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Supplements Maintaining Lower LDL Levels

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Alternative Medicine and Dietary Supplements for Heart & Cardiovascular Health

Did you know that approximately 61 million Americans currently suffer from heart disease – roughly 20% of the total population? The combination of high-fat, high-sodium processed foods, increased portion sizes, and sedentary lifestyles has started an epidemic in the United States that is largely based on our own consumption and activity habits.

This means it is vital to keep your LDL ("bad") cholesterol levels as low as possible if you want to maintain a healthy heart. If you have done basic research into cardiac health, then you know about the "good" (HDL) and the "bad" cholesterols. One thing you may not know, though, is that less than one–quarter of the cholesterol in your body comes from your diet. The rest comes from your liver – which means that you need to do as much as you can to keep your LDL levels low – and this can mean adding a variety of dietary supplements to your food intake to work on the cholesterol coming from your endocrine system.

You may already know about CoQ10 and Omega-3 fatty acids. However, there are other supplements that also can help maintain low LDL cholesterol levels.

Policosanol – This supplement comes from rice bran and sugar cane wax, and not only reduces LDL levels but also boosts HDL cholesterol levels. It also boosts your metabolism. This supplement has been popular in China for over 2,000 years.

Pumpkin Seed Oil
– This oil has high levels of necessary fatty acids, and will help other supplements lower LDL cholesterol levels even further than they would alone.

Green Tea – Yes, green tea can be calming and aid in stress management. However, it also keeps your blood vessels from constricting, and reduces the LDL cholesterol levels in your blood.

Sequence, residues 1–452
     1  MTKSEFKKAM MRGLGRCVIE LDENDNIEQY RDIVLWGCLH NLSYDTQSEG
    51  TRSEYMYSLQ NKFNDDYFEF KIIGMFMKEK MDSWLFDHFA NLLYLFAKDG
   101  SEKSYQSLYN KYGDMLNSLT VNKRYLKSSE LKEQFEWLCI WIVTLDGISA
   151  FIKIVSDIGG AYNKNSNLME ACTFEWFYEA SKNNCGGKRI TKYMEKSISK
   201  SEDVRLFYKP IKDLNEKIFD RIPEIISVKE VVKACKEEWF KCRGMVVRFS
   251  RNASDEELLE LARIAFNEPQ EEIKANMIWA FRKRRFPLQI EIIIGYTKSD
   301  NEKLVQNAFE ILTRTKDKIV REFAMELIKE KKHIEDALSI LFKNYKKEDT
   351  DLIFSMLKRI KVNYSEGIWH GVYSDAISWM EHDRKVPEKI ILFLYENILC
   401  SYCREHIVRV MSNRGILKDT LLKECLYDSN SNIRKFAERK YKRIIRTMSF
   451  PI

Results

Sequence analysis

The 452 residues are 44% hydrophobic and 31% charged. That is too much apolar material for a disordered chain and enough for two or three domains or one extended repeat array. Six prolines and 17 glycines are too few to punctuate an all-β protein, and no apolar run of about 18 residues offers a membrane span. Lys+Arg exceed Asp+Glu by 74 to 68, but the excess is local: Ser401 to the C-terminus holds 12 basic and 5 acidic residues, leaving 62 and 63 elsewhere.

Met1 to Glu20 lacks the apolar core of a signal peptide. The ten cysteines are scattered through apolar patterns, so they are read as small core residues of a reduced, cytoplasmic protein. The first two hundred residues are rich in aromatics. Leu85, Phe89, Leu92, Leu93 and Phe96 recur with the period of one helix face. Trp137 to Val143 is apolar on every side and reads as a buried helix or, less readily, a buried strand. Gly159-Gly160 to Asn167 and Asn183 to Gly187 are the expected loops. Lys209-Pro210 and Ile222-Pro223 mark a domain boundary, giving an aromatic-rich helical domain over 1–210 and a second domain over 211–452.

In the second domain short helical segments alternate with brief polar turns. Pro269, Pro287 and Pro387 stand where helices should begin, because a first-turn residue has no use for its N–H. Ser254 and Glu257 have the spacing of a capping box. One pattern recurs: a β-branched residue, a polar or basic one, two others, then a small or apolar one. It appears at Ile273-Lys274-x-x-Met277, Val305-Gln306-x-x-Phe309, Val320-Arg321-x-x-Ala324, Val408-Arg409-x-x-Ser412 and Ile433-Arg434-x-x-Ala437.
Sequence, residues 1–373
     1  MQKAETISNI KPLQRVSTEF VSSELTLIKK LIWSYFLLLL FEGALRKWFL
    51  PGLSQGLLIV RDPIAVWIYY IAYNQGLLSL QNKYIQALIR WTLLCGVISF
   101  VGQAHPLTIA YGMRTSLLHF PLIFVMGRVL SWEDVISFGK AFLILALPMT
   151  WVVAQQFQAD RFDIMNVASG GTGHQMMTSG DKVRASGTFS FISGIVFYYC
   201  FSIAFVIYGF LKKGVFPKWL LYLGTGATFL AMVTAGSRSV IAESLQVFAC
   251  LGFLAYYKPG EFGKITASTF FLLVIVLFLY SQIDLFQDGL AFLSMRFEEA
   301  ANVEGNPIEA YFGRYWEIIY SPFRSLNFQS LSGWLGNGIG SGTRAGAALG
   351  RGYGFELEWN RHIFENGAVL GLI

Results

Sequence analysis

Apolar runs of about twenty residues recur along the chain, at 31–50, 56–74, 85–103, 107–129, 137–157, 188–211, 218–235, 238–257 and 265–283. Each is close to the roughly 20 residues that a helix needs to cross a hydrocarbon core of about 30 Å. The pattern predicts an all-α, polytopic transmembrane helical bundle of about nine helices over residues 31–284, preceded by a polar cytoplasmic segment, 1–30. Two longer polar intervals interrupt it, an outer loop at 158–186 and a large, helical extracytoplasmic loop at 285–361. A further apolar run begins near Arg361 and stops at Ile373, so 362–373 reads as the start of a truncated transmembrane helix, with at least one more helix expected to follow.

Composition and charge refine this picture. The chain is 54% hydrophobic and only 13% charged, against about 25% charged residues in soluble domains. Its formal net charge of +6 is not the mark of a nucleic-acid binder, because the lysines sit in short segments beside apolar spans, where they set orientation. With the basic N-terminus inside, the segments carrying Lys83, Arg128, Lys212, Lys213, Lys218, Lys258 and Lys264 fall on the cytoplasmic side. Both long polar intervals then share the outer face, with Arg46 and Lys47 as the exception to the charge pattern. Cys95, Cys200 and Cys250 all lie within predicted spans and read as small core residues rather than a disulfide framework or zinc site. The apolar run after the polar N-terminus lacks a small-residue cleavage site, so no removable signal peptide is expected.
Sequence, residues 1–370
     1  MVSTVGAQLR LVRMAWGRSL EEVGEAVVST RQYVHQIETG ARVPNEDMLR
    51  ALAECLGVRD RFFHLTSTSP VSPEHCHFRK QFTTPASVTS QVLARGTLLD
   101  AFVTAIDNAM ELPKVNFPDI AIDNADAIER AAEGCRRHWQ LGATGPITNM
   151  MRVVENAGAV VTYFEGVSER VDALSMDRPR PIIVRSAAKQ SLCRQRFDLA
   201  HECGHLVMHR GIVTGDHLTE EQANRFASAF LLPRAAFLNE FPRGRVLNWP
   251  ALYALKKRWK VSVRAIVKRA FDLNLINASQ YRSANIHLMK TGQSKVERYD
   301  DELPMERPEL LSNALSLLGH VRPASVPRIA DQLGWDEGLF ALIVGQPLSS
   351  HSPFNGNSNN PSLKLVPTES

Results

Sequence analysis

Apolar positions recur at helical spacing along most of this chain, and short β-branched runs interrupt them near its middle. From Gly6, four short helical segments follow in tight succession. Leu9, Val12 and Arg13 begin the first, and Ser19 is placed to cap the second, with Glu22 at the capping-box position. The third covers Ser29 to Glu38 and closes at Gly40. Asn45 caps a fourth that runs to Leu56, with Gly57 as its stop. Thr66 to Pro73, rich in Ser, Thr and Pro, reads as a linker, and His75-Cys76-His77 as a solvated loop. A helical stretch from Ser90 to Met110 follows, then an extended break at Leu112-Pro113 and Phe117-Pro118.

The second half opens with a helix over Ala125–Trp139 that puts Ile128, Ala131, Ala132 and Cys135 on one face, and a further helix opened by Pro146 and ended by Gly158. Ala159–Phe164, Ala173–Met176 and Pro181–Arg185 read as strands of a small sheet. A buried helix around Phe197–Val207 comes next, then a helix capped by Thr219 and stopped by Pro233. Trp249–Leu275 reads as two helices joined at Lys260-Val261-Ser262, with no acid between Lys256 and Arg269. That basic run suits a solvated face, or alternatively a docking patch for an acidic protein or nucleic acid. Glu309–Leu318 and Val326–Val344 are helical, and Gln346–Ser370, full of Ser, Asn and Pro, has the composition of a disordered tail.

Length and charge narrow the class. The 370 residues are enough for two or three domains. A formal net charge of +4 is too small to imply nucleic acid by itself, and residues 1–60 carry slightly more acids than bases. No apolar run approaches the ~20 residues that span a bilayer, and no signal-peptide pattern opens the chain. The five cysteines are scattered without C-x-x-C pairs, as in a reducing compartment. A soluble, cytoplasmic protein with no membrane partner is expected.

D-Limonene
– This supplement comes from orange peel, and cuts down on harmful levels of LDL cholesterol in the bloodstream.

Guggulipid
– This supplement dates back to ancient India, and not only cuts down on LDL cholesterol levels, but also reduces triglycerides – at a higher rate than many modern prescriptions for cholesterol reduction.

L-Carnitine
– This is a naturally occurring amino acid that helps beneficial fatty acids find their way into your mitochondria – the source of energy for each cell – where they become fuel, and then carry toxins away in the blood. This amino acid also is instrumental in improving brain function.

Beta Sitosterol
– This supplement has a chemical structure very similar to cholesterol – and it can keep your body from absorbing the true cholesterol.

You may wonder why you should consider natural supplements as opposed to prescription medicines for cholesterol management. Most of these prescriptions are called statins, and they do cut down on your body's LDL cholesterol levels.

However, there are two side effects of statins that are important to consider:

  • Statins cut down on your body's natural levels of CoQ10. This nutrient helps keep your cardiac muscles strong. So if you cut down on CoQ10, you could be harming your heart – even if you're lowering LDL cholesterol levels.
  • Statins also can cause liver damage and muscle pain. Baycol was one statin pulled by the FDA from pharmaceutical dispensing because of dangerous side effects.

In addition to the side effects, statins also fail to boost HDL cholesterol levels. You can effectively double the benefit of your regimen if you use natural supplements. Plus, statins still offer advantages and should be considered as part of your overall heart health program, if recommended by your physician.

A key recommendation is that you should consult with your physician before getting started in any program so that you have an integrated approach to heart health. Your individual situation may rule out one or more of these supplements, may make one of them more useful, or may require a prescribed statin. You and your doctor can make these informed decisions together. The most important thing to remember is that by following an active and defined program, you are helping your heart – and helping yourself to live longer.

Copyright © 2010 by Jack Osborne - All Rights Reserved

 

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